Although few sources have stated the initial access vector as phishing, we cannot verify this claim. However, especially when we look at the latest statements of the group and network connections, it can be concluded that the attacker knows his victim and where they are attacking. In this context, we can talk about more specific initial access vectors, such as vulnerability exploitation or a spear-phishing operation.

Terms of service in Brain Cipher’s DLS

Terms of service in Brain Cipher’s DLS

The Brain Cipher sample, 9gGB296kd4.exe, is associated with the LockBit ransomware. The specific sample has the following identifiers:

MD5: 448f1796fe8de02194b21c0715e0a5f6

SHA1: 935c0b398373f8c5e8ef03c92d606c72c44f49b8

SHA256: eb82946fa0de273dbaaaef320e8925d9a8cc5b7e839e97e2982a1d18ba43c1a4

Brain Cipher is detected with a high confidence level of 100%, indicating its apparent association with ransomware activities. Detection mechanisms include multiple Yara rules and AI-based detection signatures, identifying its malicious nature. Despite this, the ransomware employs evasion techniques, making it a challenging adversary for traditional security measures.

Upon execution, Brain Cipher immediately deletes itself to hinder forensic analysis and detection. It then modifies user documents and overwrites browser settings, explicitly targeting Mozilla Firefox on the sandbox analysis. The ransomware writes numerous high-entropy files, indicating its encryption activities.

Delete command run through cmd (JoeSandbox)

Delete command run through cmd (JoeSandbox)

Brain Cipher is equipped with several persistence and evasion techniques. It hides threads from debuggers and executes in a suspended mode to avoid detection. Additionally, it enables debug and security privileges, potentially allowing it to bypass security measures. The use of code obfuscation further complicates detection and analysis efforts.

Simple obfuscation techniques that are common for many ransomware (JoeSandbox)

Simple obfuscation techniques that are common for many ransomware (JoeSandbox)

The obfuscation technique used in Brain Cipher involves the instruction sequence push FFFFFF9Ch; retf. This sequence pushes the hexadecimal value FFFFFF9C onto the stack and then performs a far return (retf), which uses the value on the stack to alter the instruction pointer and code segment registers. This method complicates the control flow, making it difficult for analysis tools and researchers to trace the malware’s execution path.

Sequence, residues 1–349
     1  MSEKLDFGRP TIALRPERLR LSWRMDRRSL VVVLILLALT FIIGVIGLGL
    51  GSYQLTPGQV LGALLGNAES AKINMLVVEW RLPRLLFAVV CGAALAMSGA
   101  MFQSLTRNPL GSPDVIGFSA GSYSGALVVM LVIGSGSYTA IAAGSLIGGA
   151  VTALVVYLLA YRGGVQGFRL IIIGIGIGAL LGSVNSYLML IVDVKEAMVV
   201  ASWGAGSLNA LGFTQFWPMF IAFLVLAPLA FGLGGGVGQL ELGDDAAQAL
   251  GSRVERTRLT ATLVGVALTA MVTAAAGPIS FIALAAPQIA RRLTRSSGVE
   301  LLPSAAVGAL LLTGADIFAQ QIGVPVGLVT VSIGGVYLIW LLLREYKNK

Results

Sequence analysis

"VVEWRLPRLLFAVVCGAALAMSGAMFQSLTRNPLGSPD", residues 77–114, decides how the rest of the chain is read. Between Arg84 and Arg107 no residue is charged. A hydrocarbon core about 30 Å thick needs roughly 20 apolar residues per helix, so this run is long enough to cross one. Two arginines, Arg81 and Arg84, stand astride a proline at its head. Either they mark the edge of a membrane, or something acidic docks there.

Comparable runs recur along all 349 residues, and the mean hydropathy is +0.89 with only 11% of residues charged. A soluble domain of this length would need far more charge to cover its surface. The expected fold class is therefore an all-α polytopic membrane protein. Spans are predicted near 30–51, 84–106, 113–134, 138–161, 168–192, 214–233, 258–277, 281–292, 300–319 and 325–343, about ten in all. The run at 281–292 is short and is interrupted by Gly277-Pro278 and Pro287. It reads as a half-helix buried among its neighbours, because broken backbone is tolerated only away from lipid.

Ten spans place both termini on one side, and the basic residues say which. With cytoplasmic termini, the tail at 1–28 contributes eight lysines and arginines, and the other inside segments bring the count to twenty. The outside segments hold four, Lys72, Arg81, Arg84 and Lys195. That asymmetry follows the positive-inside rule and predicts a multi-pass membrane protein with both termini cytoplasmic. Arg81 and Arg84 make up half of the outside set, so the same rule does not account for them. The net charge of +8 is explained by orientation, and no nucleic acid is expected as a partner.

Ransom note

Ransom note

In addition to its encryption capabilities, Brain Cipher attempts to harvest and steal sensitive information from the infected system, including browser information, thereby increasing the potential damage to the victim.

There isn’t any transaction to their Bitcoin wallet (BTCscan). They also have a Monero wallet for donations, but it can’t be traced therefore its not possible for now to say whether they got any donations

There isn’t any transaction to their Bitcoin wallet (BTCscan). They also have a Monero wallet for donations, but it can’t be traced therefore its not possible for now to say whether they got any donations

Lastly, it is essential to remember that the Brain Cipher and many other ransomware that are derived from LockBit’s leaked builder are detectable by various signatures, including specific YARA rules designed to identify LockBit ransomware and multiple antivirus scanners. Despite this, its evasion techniques often make detection a race against time.


In recent years, the cybersecurity landscape has been increasingly threatened by ransomware variants derived from leaked builders, such as those associated with the LockBit family. These leaked builders provide cybercriminals with the tools needed to create custom ransomware strains, making it easier for even less sophisticated attackers to launch devastating attacks. To effectively mitigate the risks posed by these threats, a comprehensive and proactive approach is required. Next sections include key strategies and actions to defend against ransomware derived from leaked builders and Brain Cipher.

How to Mitigate: Actions Against Leaked Builders?

  1. Strengthen Endpoint Security

Implement endpoint security solutions that include advanced threat detection capabilities. These solutions should leverage machine learning, behavioral analysis, and heuristics to detect and block ransomware activities, even if the ransomware is newly created using leaked builders hence the similarity between different strains are very close, it’s possible to detect.